And these are only two of many ways in which The Wire is amazing. The best dialogue on TV (tied with Whedon) Thematic and imagistic complexities to accompany its complexities of plot and character. Moral complexities. Sheer narrative power. And the humor! People don't note often enough how funny it is.

And the pleasures of its own narrative conventions: no music except from actual, on-screen sources (e.g. a radio in a car) -- with the single, regular exception of the season-closing monologue. Almost no flash-backs or time-twists: just straight, bare narrative... in a thousand strands, braided together.

So yeah, Geoff, what you said, totally. But there's a lot of other angles there too -- and it's good in all of them.

And yeah, Seasons Two through Four rock at least as much as Season One, if not more.


PS: This is another topic... but it seems to me that this whole "watching people change" is one of the thing that well-done serial TV has going for it: showing convincing change because there is time and space and context to do it. It's our cultural equivalent of those long 19th-Century novels; and it fundamentally can show character change in a way extremely difficult to do in the more compressed space of a film, a shorter novel or a graphic novel.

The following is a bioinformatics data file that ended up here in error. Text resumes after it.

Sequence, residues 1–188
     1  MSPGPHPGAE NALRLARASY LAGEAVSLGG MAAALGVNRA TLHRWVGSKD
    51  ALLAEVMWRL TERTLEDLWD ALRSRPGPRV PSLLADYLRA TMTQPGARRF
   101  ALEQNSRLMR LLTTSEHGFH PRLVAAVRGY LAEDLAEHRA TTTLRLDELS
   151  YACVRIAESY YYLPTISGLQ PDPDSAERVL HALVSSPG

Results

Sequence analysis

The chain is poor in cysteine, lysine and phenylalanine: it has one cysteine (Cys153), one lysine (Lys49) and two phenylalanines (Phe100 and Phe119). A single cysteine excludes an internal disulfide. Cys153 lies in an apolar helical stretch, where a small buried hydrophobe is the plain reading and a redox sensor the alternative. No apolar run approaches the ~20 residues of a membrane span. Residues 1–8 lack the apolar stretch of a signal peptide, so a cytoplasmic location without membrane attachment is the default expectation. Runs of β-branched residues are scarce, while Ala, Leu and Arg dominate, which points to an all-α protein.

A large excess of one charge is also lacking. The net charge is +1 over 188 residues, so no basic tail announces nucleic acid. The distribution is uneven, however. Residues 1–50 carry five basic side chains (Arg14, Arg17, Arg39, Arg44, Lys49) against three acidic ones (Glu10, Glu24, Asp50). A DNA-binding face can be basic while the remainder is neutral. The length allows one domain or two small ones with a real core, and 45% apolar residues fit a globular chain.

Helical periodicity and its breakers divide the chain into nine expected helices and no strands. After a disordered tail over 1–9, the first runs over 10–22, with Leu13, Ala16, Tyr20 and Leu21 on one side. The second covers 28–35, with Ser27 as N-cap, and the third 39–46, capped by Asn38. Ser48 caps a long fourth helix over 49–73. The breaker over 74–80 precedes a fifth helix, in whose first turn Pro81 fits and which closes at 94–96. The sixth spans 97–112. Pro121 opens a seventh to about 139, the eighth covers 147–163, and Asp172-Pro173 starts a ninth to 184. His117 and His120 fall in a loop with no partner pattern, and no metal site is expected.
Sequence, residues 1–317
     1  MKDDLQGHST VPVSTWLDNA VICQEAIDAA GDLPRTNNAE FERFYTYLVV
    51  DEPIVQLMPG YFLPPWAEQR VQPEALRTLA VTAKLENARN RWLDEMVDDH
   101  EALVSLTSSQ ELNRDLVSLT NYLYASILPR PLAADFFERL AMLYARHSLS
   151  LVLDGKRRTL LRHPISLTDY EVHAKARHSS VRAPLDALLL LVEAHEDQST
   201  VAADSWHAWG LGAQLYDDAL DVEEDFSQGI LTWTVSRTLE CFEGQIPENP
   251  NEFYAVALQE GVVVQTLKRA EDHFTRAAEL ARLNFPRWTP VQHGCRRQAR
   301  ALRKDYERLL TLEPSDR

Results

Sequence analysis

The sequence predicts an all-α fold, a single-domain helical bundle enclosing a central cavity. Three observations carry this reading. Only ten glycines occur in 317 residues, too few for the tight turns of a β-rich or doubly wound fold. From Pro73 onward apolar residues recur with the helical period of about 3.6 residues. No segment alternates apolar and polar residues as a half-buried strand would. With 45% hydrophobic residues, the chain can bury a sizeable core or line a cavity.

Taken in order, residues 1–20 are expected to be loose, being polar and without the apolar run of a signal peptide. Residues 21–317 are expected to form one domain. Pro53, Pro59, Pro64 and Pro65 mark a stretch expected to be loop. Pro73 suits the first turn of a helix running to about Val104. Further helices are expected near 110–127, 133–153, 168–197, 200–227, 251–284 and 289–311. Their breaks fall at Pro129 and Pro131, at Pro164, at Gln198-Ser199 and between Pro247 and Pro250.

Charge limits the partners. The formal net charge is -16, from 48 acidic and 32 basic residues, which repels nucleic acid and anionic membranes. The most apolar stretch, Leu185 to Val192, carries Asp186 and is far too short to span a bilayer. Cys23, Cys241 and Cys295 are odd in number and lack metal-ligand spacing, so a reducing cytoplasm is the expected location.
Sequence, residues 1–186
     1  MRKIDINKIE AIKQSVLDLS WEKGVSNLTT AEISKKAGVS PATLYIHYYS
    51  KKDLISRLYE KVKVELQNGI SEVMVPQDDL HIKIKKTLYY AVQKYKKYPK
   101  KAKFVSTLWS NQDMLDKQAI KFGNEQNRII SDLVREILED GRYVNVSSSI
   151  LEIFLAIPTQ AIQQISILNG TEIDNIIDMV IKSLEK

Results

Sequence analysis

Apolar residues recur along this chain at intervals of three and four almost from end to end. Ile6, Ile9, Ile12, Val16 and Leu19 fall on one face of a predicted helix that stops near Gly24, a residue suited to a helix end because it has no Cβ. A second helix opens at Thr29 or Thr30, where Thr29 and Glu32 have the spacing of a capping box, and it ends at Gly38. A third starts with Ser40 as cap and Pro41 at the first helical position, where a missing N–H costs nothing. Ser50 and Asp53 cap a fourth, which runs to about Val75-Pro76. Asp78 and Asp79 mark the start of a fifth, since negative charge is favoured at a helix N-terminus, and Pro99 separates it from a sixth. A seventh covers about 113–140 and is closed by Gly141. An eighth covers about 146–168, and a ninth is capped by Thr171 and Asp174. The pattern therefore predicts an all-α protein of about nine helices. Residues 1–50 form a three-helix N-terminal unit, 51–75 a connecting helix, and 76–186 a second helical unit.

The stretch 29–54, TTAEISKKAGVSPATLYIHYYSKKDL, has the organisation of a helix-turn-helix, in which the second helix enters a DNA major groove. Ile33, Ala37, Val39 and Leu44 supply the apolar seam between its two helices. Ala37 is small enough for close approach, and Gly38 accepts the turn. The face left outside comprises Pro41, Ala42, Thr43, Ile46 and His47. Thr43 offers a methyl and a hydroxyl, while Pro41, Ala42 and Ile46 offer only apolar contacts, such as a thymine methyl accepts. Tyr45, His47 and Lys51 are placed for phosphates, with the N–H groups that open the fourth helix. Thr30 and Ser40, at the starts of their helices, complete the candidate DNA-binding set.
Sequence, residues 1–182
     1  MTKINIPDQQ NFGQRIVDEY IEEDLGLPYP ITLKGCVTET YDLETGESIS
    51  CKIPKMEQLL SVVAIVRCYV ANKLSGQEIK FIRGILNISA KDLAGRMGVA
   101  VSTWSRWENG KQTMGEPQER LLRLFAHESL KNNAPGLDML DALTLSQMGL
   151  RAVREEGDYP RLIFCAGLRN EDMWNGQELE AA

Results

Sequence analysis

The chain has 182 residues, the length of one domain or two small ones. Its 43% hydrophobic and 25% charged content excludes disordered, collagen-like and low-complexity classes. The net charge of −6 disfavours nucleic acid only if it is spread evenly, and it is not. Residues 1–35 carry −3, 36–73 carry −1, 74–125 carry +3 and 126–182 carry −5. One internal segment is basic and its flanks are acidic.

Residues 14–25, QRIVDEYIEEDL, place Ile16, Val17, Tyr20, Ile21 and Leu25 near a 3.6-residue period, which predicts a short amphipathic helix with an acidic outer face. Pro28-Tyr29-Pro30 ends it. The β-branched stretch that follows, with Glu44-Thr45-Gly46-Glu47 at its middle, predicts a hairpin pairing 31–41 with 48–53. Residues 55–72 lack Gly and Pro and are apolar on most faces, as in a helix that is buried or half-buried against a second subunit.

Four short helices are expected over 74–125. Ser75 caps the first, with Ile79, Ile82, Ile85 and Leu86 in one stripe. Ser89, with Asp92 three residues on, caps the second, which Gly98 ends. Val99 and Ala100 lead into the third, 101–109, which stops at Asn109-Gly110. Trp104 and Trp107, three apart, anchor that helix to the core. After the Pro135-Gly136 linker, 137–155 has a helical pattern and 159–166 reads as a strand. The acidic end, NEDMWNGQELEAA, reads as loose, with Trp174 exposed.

(Comics, as a serial medium, ought to be good at this... but I can't think of any examples that have been; partly because the best comics tend to be shorter runs or unified graphic novels, and long runs just don't sustain their quality long enough. But I'd love counter-examples.)

Dr. K said...

Geoff--I like the way you articulate how The Wire encourages and rewards viewer intelligence. It's definitely a series one has to watch from the beginning--anyone just starting with season 5 would probably be turned off (though the new season's focus on the media through The Baltimore Sun introduces a whole bunch of new characters that have their own collective hook).

Another factor of the show's intelligence, and its respect for its audience, is the way its creators treat its characters. Characters you like and care about will die, or have horrible things happen to them, and the show respects the audience enough not to cheapen the emotional impact with unrealistic twists or easy outs. David Simon, along with Tom Fontana, used a similar approach to characters on Homicide, and this is a mark of all Fontana's TV work (especially Oz, but also going back to St. Elsewhere).

In addition, characters you like may shift to minor roles on one season while previously minor characters move to the center (as was definitely the case with season 4), and yet the show never loses its strength and quality. I can't think of another show that's managed such a large cast so well.

I don't want to say much more, but the first episode of season 5 is fantastic.

Also, Geoff, I'll be curious to hear your take on the treatment of academia in season 4.

Ping33 said...

Season 4 of The Wire is the best 13+ hours of TV ever produced.

ME said...

The Wire is a television masterpiece. Like Ping said, Season 4 is simply amazing.

I can't wait for #59 tonight & the finale next week.

I hope you get caught up soon!